I’m not prevaricating. I’m really okay with that decision. In fairness to underwriters in the marketplace, who expected there to be a COVID pandemic? The thing is only seven months old. We don’t know what we don’t know. There’s no way to rate properly, through the use of bed equivalent exposures or any actuarial simulation technique, the probability of COVID loss on an aggregate basis, based on, for example, a predictive model using ICU admissions and local populations. The data doesn’t exist. It’s not going to exist for a long time. Meanwhile, we are cruising toward 350,000 deaths by Christmas at the rate we’re going. And from my perspective it’s okay for underwriters to simply state that they can’t handle it at renewal.
But let’s be clear about what the underwriting data reveals about this crisis…at least as of right now.
First, I defy anyone, as I write this, to gather up a hundred legitimate existing pleadings involving acute care facilities (not the senior care business) and show me what these pleadings reveal about the alleged causes of loss. Nobody can do this yet, because these one hundred pleadings don’t exist. I have a strong opinion that they will eventually exist…but let’s be clear: they don’t exist now. So if the market is walking away from COVID, it’s not walking away as the result of a thorough analysis of existing pleadings.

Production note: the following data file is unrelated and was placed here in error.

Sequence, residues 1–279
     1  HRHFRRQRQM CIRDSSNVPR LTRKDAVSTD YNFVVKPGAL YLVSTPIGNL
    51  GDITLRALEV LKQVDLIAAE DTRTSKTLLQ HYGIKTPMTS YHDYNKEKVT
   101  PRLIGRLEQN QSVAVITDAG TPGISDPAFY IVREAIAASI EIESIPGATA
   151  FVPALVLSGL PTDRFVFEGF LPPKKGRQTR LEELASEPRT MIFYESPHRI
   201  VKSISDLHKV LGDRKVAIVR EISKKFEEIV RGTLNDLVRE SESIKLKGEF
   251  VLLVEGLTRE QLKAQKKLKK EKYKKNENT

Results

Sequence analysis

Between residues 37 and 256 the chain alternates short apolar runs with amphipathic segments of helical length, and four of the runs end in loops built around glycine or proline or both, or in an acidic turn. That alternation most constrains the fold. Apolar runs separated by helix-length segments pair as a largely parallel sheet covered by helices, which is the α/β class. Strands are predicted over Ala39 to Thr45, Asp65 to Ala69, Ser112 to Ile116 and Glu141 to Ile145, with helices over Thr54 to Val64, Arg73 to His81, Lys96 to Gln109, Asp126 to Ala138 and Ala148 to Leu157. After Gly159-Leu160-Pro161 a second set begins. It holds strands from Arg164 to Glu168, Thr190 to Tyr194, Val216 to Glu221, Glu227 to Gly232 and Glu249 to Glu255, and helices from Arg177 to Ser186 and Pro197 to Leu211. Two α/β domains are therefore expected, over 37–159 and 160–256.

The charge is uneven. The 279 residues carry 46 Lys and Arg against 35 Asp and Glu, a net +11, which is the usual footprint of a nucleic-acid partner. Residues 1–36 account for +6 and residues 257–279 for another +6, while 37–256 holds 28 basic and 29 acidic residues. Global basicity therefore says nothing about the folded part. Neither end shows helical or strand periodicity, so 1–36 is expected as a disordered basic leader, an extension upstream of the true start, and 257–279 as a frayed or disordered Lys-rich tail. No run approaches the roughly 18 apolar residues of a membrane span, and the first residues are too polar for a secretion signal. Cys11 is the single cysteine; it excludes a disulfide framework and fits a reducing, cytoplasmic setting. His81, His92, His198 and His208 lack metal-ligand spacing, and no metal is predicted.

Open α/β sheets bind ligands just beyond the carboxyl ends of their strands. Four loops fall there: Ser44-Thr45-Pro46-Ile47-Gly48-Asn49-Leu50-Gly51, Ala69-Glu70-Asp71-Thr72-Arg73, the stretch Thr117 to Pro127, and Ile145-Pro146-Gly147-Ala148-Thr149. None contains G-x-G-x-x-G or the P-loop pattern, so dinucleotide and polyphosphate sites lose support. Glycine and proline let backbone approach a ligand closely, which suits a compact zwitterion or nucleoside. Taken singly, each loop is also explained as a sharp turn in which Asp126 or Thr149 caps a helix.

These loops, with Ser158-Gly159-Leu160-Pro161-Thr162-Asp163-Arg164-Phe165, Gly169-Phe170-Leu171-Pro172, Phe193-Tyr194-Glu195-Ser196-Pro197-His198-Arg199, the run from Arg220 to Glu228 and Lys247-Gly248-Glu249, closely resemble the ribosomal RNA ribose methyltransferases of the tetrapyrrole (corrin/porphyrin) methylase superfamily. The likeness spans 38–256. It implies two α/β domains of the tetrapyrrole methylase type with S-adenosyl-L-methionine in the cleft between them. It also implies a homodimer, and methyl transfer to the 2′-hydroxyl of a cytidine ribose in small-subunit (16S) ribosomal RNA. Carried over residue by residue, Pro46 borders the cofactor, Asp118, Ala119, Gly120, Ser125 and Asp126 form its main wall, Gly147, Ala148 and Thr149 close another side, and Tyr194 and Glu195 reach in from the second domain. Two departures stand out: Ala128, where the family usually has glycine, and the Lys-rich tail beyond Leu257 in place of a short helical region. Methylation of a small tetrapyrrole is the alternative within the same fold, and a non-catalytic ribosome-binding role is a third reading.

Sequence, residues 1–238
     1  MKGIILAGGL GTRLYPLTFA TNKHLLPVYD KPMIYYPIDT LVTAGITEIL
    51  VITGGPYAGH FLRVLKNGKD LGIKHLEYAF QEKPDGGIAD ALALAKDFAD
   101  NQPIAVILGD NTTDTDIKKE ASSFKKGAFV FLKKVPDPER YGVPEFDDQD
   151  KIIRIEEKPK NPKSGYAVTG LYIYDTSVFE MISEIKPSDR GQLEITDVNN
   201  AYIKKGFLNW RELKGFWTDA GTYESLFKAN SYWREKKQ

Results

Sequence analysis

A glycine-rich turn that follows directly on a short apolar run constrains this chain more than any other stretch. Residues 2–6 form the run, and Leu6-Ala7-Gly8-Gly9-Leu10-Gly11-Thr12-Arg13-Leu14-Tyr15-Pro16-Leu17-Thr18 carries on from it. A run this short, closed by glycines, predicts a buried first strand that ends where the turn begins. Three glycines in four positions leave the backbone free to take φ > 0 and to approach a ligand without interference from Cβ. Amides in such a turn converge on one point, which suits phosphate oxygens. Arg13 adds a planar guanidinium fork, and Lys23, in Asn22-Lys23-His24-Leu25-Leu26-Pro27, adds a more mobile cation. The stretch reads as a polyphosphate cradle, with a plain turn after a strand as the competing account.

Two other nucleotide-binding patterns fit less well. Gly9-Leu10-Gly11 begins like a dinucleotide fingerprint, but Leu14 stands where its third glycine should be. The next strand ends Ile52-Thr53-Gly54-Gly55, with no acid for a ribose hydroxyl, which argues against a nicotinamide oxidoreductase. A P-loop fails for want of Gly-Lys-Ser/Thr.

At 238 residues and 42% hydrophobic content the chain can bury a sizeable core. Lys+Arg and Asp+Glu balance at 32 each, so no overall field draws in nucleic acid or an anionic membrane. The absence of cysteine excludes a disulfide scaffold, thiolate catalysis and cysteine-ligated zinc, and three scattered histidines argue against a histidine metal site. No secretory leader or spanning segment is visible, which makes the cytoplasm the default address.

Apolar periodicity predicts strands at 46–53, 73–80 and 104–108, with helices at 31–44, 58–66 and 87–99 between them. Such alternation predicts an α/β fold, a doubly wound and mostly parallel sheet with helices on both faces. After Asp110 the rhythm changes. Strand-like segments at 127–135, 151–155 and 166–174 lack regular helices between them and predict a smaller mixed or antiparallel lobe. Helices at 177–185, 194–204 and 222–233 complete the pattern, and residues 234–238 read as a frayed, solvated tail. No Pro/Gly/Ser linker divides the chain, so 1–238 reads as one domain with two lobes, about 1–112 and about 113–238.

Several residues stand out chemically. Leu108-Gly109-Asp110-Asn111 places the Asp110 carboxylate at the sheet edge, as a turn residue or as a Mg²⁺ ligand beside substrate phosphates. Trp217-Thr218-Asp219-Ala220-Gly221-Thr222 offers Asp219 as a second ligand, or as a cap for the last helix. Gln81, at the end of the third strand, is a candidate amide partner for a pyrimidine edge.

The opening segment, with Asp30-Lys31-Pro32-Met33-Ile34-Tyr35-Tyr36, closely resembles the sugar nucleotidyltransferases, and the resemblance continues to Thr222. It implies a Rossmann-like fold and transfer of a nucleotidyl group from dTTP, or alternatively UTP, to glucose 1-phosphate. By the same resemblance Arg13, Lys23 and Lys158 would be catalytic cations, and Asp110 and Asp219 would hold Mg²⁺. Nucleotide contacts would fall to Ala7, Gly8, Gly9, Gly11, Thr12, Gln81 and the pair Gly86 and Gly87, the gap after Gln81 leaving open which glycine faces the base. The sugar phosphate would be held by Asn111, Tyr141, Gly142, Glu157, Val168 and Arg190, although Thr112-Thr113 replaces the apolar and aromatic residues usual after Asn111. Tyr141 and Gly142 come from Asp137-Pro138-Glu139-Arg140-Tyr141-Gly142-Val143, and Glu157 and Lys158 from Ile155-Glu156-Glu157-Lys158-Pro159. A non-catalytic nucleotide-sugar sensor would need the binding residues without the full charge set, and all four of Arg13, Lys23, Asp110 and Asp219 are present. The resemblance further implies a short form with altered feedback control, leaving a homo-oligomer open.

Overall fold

Okay, let’s look at another possible scenario. Let’s say that the market is walking away because it believes one of two things: that existing civil immunity executive orders will not be continued by chief executives or won’t be legislatively mandated to continue…or because they expect acute care facilities to crash and burn when they face their first lawsuits alleging gross negligence because they can’t substantiate and assert that the standard of care with respect to these patients was observed scrupulously. If you as an underwriter are worried about either or both of these possibilities…again, it’s okay by me if you walk away at renewal.